Master Prostate Formula has more PURE Beta Sitosterol than most, if not all, other brands - a total of 500 milligrams. Other brands may claim to have a large amount of Beta Sitosterol, but a major part of it is in a complex of other ingredients. This may be misleading because it makes it appear as though more Beta Sitosterol is in a product than what’s really in it. For example, one brand claims to provide a 500 mg Beta Sitosterol complex but only lists 250 mg of Beta Sitosterol in parenthesis with a smaller font. Again, Master Prostate Formula has 500 milligrams of PURE Beta Sitosterol.

General Prostate Information
What is the Prostate?
What is the Prostate's Function?
Common Prostate Problems
Who is Affected by Prostate Issues
What are the Prostate Zones?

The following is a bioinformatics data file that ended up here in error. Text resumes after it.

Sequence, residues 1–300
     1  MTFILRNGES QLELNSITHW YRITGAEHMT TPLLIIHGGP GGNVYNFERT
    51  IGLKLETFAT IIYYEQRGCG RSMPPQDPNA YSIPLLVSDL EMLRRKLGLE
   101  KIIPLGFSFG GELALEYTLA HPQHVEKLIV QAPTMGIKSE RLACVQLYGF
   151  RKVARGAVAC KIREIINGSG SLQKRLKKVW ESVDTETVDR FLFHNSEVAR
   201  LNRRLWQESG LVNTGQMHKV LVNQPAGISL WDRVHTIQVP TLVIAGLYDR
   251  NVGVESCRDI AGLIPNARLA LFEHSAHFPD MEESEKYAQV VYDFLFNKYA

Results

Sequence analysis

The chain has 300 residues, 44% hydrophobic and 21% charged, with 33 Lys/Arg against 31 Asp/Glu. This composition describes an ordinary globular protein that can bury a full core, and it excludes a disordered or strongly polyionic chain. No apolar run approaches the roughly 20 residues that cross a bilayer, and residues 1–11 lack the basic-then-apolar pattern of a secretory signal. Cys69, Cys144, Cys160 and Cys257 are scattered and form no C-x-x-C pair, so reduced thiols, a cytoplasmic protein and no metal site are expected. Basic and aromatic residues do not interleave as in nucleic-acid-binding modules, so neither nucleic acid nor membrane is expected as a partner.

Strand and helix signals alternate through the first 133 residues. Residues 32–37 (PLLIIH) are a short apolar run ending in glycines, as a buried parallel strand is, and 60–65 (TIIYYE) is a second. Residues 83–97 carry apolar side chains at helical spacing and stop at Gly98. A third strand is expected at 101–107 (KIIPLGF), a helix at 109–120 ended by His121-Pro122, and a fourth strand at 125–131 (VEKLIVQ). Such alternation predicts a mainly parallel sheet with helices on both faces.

What is the Prostate?

The prostate gland is part of the male reproductive system. It is about the size of a walnut, and in its normal state usually weighs an ounce and measures less than two inches long. The prostate gland can be found right below the male bladder and in front of the rectum.

If you look inside the prostate, you will see that it contains a large number of very small glands protected by the prostatic capsule. This capsule is made up of fibrous tissue, which is in turn, insulated by a thick fat layer. The prostate gland has right and left lobes; its base lies just under the bladder; the apex is at the end directly across the base. The front of the prostate is referred to as the anterior, while the back is called the posterior.

What is the Prostate's Function?

The function of the prostate gland is to produce the non-sperm component of semen. The fluid secreted by the prostate can be described as a ‘carrier’ fluid; it helps the semen become alkaline so that when it is released during ejaculation, it can neutralize the natural acidity of the vaginal tract. This protects the sperm cells so that it survives longer.